As soon as she got in the water, Melody Jue could feel the cold. The chill from the Arctic current that sweeps through the Monterey Bay was seeping through her “blubber”—two layers of diving suits, a hood, gloves, and diving boots. She was baking in that ensemble earlier in the parking lot, but now she was thankful to be wearing it.
As she began to descend, she looked down at her feet and saw a dark mass the size of a bus.
“I thought, ‘Oh my god, what is this?!’ ” Jue says. “Here I had been ready to see seals, birds, sharks—I was ready. But then there was this massive who-knows-what coming up under me.”
She decided to retreat to the surface, but her divemaster went down to identify the mysterious mass.
“It was a big mound of kelp,” Jue says. “I was like, ‘Oh my god! I was scared of a plant!’ ”
That adventure came relatively soon after Jue earned her scuba-diving certification in 2011. Since then, she has had a number of memorable dives while doing research for her dissertation. Off the coast of Mexico, she swam with whale sharks. In the waters of Hawaii, she felt the “cold sensation” of an octopus’s grip. On the Yucatan Peninsula, she explored ancient underwater caverns that once sustained the Maya.
Her dissertation, by the way, is on literary theory, a subject that she herself says has a “terrestrial bias.”
So what is she doing underwater?
Return to the Sea
"I had an epiphany that I could integrate the ocean into what I do as a literary scholar."
Jue grew up in San Diego, where trips to the beach and the aquarium cultivated a lifelong interest in the ocean. For a long time, she wanted to be a marine biologist, but her interest in English as an undergraduate drew her away from the science path, and she figured that studying the ocean as a career was a door that had closed.
That changed, however, during her first year in the Graduate Program in Literature at Duke. While taking a course on space and place, she noticed that her class readings were all about landlubbers.
“They all had to do with the city as a place that humans walked around in,” she says. “None of our readings were about the ocean. I was also watching a lot of ocean documentaries at the time just to relax. I had an epiphany that I could integrate the ocean into what I do as a literary scholar. That was a big turning point.”
As she began to pursue that topic, Jue decided she needed to do more than just read about the ocean; she needed to experience it. Four years and 35 dives later, she is wrapping up a dissertation that examines how several key concepts of media theory would hold up underwater.
“When I first started on this project, someone warned me: Be careful what you pick as your dissertation topic because by the end you’ll be sick of it and you will not want to study it at all, and if you pick something you really love, it will ruin it for you,” says Jue, who is graduating in May 2015 and has accepted a position in literature and environment in the English department at the University of California Santa Barbara.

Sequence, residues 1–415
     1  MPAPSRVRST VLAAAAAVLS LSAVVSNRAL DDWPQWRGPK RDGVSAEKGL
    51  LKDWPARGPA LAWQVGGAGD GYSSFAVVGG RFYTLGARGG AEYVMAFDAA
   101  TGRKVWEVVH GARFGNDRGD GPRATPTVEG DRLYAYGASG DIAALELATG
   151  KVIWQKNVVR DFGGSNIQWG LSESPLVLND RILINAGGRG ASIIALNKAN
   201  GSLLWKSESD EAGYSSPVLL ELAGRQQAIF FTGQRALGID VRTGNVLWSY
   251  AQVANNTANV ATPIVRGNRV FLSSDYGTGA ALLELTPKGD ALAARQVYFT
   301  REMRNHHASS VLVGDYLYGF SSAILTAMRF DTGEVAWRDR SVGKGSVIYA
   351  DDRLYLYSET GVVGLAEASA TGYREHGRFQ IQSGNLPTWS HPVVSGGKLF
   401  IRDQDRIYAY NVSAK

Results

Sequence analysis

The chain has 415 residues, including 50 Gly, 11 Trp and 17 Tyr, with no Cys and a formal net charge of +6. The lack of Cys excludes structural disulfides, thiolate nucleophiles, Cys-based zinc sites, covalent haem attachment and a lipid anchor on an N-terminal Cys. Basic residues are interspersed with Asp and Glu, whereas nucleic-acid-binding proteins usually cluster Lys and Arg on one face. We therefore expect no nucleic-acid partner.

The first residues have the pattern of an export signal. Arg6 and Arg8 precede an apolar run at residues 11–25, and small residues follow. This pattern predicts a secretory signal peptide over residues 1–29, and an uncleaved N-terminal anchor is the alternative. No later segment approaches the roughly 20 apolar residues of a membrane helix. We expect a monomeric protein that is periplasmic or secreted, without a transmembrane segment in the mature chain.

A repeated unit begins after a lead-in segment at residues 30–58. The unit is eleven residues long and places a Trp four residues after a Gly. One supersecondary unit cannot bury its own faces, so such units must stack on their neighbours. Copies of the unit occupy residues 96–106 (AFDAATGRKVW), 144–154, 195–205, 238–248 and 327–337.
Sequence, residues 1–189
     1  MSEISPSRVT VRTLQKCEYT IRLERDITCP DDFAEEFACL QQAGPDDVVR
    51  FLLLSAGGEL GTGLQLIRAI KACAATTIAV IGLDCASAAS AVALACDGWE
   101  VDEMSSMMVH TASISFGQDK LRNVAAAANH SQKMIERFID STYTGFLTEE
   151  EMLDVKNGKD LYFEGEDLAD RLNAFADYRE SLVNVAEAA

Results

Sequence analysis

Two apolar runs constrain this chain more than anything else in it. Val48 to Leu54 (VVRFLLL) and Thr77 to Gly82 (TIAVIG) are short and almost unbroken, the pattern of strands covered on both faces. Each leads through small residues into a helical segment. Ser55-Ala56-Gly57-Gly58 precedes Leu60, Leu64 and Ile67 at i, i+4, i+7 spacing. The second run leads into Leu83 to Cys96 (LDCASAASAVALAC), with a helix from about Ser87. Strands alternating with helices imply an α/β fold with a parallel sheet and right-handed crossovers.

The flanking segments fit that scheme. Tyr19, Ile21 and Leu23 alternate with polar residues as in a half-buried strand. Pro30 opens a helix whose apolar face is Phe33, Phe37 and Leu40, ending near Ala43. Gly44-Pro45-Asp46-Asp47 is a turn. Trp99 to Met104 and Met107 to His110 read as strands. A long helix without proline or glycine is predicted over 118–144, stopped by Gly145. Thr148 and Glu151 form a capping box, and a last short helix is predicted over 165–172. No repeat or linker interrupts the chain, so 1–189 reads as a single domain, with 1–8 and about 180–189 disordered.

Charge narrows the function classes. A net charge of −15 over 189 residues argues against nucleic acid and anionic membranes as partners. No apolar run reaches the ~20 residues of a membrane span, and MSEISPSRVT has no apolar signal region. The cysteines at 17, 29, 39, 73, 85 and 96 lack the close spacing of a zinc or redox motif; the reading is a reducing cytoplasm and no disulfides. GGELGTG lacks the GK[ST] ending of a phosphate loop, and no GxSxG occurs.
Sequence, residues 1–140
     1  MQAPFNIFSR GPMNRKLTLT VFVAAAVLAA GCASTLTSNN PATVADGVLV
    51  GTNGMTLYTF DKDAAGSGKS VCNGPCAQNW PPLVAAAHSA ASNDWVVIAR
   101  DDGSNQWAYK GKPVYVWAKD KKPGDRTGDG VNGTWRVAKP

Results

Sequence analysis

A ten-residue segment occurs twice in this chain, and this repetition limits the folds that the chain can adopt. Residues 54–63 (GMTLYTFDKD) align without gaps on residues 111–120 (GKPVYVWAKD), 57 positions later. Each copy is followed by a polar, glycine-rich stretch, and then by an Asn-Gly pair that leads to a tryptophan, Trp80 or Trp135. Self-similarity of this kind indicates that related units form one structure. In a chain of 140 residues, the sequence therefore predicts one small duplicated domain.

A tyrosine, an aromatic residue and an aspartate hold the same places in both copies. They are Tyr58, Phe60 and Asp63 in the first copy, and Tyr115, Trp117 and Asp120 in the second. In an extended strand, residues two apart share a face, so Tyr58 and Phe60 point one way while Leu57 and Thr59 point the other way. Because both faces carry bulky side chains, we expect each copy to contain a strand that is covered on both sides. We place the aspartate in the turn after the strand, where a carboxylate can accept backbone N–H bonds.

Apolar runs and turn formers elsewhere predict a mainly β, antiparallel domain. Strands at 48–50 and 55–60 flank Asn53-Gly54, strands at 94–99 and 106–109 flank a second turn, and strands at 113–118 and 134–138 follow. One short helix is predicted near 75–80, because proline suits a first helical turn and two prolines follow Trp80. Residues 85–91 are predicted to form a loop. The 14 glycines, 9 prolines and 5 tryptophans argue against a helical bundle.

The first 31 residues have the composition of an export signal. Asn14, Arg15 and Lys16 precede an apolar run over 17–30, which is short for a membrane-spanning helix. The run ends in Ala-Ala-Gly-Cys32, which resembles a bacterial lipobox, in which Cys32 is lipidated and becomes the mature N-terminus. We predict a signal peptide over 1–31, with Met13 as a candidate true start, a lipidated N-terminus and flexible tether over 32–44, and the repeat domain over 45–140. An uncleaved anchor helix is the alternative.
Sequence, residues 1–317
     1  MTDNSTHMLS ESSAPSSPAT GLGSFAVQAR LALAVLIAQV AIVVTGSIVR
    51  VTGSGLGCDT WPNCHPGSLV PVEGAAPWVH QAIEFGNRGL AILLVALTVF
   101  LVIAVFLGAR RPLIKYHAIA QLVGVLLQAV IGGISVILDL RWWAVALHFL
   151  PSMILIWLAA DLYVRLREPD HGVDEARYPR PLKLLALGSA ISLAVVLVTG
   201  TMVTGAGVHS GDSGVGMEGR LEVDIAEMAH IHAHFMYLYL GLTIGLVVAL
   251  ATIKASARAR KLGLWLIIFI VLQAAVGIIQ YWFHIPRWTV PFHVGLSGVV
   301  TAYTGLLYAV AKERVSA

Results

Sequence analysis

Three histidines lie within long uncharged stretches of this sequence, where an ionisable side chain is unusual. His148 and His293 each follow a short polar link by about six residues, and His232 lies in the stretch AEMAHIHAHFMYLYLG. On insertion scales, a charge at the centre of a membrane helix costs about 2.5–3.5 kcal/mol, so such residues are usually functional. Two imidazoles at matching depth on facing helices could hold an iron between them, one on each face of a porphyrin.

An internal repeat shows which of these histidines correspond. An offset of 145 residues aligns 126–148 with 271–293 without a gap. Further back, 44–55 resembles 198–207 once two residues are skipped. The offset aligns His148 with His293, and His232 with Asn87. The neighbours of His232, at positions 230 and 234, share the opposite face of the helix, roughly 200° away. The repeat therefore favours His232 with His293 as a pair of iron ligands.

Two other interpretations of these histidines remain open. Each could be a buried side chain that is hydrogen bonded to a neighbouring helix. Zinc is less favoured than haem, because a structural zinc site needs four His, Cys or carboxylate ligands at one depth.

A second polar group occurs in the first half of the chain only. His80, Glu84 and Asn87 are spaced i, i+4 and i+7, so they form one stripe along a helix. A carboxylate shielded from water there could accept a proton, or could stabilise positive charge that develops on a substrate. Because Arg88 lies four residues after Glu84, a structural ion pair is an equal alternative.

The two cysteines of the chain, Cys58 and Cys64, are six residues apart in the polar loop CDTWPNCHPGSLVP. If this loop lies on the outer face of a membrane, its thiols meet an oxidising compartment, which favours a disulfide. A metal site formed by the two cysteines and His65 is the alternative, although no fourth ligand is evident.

“But that hasn’t been my experience. Rather than ruining the ocean, it has given me more of an opportunity to meet other divers and marine scientists and realize how small a body of work I’ve begun to write.”
A New Way to View the World
Jue’s work has led her into the emerging field of ocean humanities, which she describes as a broad interdisciplinary turn across literature, history, anthropology, cultural studies, geography, and postcolonial theory to treat the ocean as a topic of study and as a force that shapes how we view the world.
“The ocean constantly challenges our expectations of what is normal, or how we understand our concepts,” says Jue, a Katherine Goodman Stern Fellow. “In water, we really need to develop a new vocabulary to deal with what we’re trying to understand, and in the process of doing this, it becomes apparent how much the terrestrial environment has characterized our thinking about pretty much everything.”
For an illustration of how the ocean might challenge our thinking, look no further than summer 2014. Jue used a summer research fellowship from The Graduate School to go on a diving expedition in Mexico to see the underwater sculptures by Jason deCaires Taylor. There, she experienced firsthand how the ocean can change the viewer’s relationship to the artworks.
“In a museum, it’s pretty easy to not touch stuff; you just don’t touch it,” she says. “But when you see the sculptures, you have to adjust for buoyancy and figure out where you are in relation to them, so not touching is a lot harder. You are sort of in this panic. Instead of being this passive observer in the museum, you have to really be active about where you are in relation to the sculptures.”
The trip also presented a different concept of a museum—as a place of change rather than preservation. The sculptures were made with materials that encourage organisms to grow on them. When Jue got there, the sculptures had been beset by a bloom of algae growth and looked very different than the pristine condition shown in pictures.
The trip later provided an alternate concept of an underwater museum. While in Mexico, Jue decided to go diving in limestone caverns and passages that once served as sources of freshwater for the Maya. Amid the stalactites and stalagmites in quiet caverns bathed in blue light, she spotted little-disturbed fossils.
“Mexico was really interesting because it offered these two different ideas of a museum—one that changes all the time in the seawater and one that has been preserved from since before the last ice age,” Jue says.
The insights she gleaned from the trip are going into the conclusion of her dissertation, in which she dunks the notion of museums into an underwater environment.
“When I’m diving, I don’t think about theory,” she says. “That all comes later. You just enjoy being there and reflect on your experience afterwards.”